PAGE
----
Korean War

A conflict that occurred in the 1950s between the Republic of Korea (South Korea) and the Democratic People’s Republic of Korea (North Korea) in East Asia. After the conclusion of World War II and the Japanese were ousted from Korea, the Korean peninsula was split into a northern half occupied by the former Soviet Union (USSR) and a southern half occupied by the United States of America. It was initially intended for the two halves to become unified; however, the escalation of the Cold War prevented unification, and each half developed its own government. The north developed under communist activist Kim Il-Sung, while the south became anti-communist under Syngman Rhee. With the backing of the USSR, in 1950 Kim Il Sung declared himself the ruler over the entire Korean Peninsula, and this was the antecedent of the Korean War.

The Korean War lasted from June 1950 to July 1953 and resulted in over 3 million casualties. During the conflict, the south was supported by the United Nations, including a large U.S. presence, while the north was assisted by communist China and the U.S.S.R. Fourteen other governments also sent forces to Korea throughout the duration of the conflict. The war ended with an agreement that the area below the 38th parallel would be governed by South Korea.

Kit Carson

Christopher "Kit" Carson was one of the most famous Western explorers during the 1800s. In the 1840s, he traveled as a guide with John C. Fremont through the Great Basin, and Fremont's written accounts were what made Carson both popular and notorious as an adventurer.

In the 1850s, Carson became an Indian agent for New Mexico and in the 1860s worked as a lieutenant colonel in the 1st New Mexico Volunteers. Even though Carson was often thought of as a friend of the Indians (he lived with and married into the Arapaho and Cheyenne tribes), he might be most infamously known for the war he waged against the Navajo in the early 1860s, forcing them to relocate away from their traditional homeland (Dinétah) and in to the Bosque Redondo, a 40-square mile reservation on the Texas/New Mexico border, along with the Apache. At first, the Navajo resisted the move, and Carson subsequently terrorized the tribe by burning crops, destroying homes, and killing livestock, eventually forcing the Navajo to march hundreds of miles to the new reservation in what became known as the Long Walk.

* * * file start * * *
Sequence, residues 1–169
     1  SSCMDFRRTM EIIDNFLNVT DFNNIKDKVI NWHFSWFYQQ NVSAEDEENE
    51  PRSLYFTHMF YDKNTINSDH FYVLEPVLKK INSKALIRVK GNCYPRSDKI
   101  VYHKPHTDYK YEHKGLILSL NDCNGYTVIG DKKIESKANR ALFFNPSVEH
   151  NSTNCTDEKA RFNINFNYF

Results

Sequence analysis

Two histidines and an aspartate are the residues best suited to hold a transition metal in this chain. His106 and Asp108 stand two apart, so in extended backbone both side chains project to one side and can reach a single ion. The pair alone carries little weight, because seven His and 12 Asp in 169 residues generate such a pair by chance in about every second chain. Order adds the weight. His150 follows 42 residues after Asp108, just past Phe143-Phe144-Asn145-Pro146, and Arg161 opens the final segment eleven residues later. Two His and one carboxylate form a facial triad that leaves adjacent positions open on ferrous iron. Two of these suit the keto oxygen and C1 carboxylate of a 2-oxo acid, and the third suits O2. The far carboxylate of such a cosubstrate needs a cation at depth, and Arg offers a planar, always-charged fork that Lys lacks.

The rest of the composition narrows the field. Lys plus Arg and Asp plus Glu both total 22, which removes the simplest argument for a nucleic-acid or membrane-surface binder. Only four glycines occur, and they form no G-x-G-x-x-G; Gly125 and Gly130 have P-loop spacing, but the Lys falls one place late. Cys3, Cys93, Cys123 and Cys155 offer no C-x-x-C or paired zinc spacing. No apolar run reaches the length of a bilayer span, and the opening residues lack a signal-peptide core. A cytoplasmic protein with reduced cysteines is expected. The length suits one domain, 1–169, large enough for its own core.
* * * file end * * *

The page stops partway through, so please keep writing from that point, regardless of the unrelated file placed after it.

John M. Campbell

John M. Campbell was a professor of archaeology and a former director for the Maxwell Museum of Anthropology at the University of New Mexico. He graduated with his doctoral degree from Yale in 1962 and taught archaeology, cultural ecology, and photography at the University of New Mexico, where he served as chair of the department for many years. In 1997, Campbell published a book-length photo essay called Few and Far Between: Moments in the North American Desert, with a foreward by Tony Hillerman.